The shoulder is a complex joint. It’s a meeting of three bones and a number of muscles that converge in the area, including the biceps, triceps, deltoids, trapezius and more. Also, there are tendons that connect muscles to bones and ligaments that connect bones to each other.
All of those intricate structures means a greater chance that something can go wrong, and one of the most common causes of shoulder pain is issues with the rotator cuff. The rotator cuff is a group of four muscles and their tendons that help keep the humerus (upper arm bone) in the shoulder socket (called the glenoid) and allow the arm to be raised and moved in many directions.
Common Rotator Cuff Problems
One of the more common conditions of the rotator cuff is tendinitis, an irritation of one or more of the rotator cuff’s tendons. Tendinitis of the rotator cuff is often caused shoulder impingement, where the tendons rub against a bony structure on the scapula (shoulder blade) called the acromion process, resulting in inflammation.
Another usual problem is a rotator cuff tear. The tears occur in the tendon(s)—or muscles, less commonly—of the rotator cuff and can be partial or full. The tear often begins when the tendon or muscle frays like a piece of rope. Over time, or because of an acute injury, the tendon can partially or fully detach from the humerus (upper arm bone).
How Rotator Cuff Injuries Can Happen
Rotator cuff injuries can happen from acute injuries, such as when you lift something heavy, or from overuse. People who partake in activities that involve a lot of overhead movement—tennis, weightlifting or painting, for example—are susceptible to overuse injuries.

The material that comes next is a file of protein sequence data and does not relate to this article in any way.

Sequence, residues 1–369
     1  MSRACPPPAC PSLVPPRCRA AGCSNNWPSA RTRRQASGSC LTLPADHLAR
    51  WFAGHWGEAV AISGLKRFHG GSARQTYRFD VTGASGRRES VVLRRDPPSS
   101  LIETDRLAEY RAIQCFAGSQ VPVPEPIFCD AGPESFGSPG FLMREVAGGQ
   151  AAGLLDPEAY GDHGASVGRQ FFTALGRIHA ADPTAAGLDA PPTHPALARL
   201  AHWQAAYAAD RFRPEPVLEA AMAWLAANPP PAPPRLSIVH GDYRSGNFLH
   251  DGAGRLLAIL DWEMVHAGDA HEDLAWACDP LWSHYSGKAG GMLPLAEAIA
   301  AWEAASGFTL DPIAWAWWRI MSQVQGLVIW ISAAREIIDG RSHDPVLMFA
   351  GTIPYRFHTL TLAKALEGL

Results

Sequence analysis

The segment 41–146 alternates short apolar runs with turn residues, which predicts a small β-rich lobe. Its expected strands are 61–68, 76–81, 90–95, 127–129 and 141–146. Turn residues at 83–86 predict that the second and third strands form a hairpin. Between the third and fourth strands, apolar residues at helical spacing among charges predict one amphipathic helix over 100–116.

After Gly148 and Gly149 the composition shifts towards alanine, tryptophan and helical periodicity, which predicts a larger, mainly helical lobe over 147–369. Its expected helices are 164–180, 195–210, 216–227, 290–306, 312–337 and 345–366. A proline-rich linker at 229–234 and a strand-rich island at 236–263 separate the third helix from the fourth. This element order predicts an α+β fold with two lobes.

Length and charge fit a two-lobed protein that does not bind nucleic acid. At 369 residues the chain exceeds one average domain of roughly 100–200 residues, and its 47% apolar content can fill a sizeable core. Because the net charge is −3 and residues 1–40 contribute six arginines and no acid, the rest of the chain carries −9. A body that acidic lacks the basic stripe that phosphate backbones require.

Rotator cuff injuries are painful, and they may keep you from raising your arm over your head. This might make everyday activities like putting on a shirt more difficult, and might take you out of your job or away from your favorite activity.
Strong, healthy shoulders are one of the best defenses against rotator cuff injuries. I recommend that people stick to lower weights with higher repetitions of exercises when they exercise to keep the rotator cuffs healthy. High weight and low repetition sets should be avoided, especially of the bench press and variations of the overhead press.
When you are not as concerned with maximal strength as you are with healthy shoulders, you will have a number of options and tools at your disposal. Exercise bands, light kettlebells or dumbbells, medicine balls and even your own bodyweight can all be effective tools for strengthening the shoulders and guarding against rotator cuff injury.
Treating Rotator Cuff Injuries
Many treatment methods and tools are available to treat rotator cuff injuries. Nonsurgical treatments clear up about 80 percent of cases of rotator cuff injuries. Some nonsurgical treatments include:
Surgical treatment usually involves reattaching the tendon to the humerus with sutures. Surgery can be done as an open repair with a large incision, or arthroscopically with small incisions and a flexible camera called an arthroscope attached to a video monitor. Your surgeon will discuss the options with you and tell you why one approach may be better than the other.
I have treated hundreds of rotator cuff injuries in my practice, and I’ve written extensively on the subject for numerous medical publications. Rotator cuff treatment and injury prevention is a particular passion of mine. Please don’t hesitate to request an appointment with me or any of Summit Medical Group’s orthopedic specialists to discuss treatment options for your shoulder pain.